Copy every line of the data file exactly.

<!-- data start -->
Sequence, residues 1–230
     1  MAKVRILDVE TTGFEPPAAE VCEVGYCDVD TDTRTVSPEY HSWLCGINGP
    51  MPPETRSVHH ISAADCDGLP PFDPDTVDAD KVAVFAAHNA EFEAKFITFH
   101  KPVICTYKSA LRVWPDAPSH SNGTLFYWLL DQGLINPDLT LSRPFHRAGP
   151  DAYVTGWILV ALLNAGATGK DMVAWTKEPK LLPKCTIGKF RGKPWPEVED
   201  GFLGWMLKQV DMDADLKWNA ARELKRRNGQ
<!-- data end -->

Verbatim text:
Sequence, residues 1–230
     1  MAKVRILDVE TTGFEPPAAE VCEVGYCDVD TDTRTVSPEY HSWLCGINGP
    51  MPPETRSVHH ISAADCDGLP PFDPDTVDAD KVAVFAAHNA EFEAKFITFH
   101  KPVICTYKSA LRVWPDAPSH SNGTLFYWLL DQGLINPDLT LSRPFHRAGP
   151  DAYVTGWILV ALLNAGATGK DMVAWTKEPK LLPKCTIGKF RGKPWPEVED
   201  GFLGWMLKQV DMDADLKWNA ARELKRRNGQ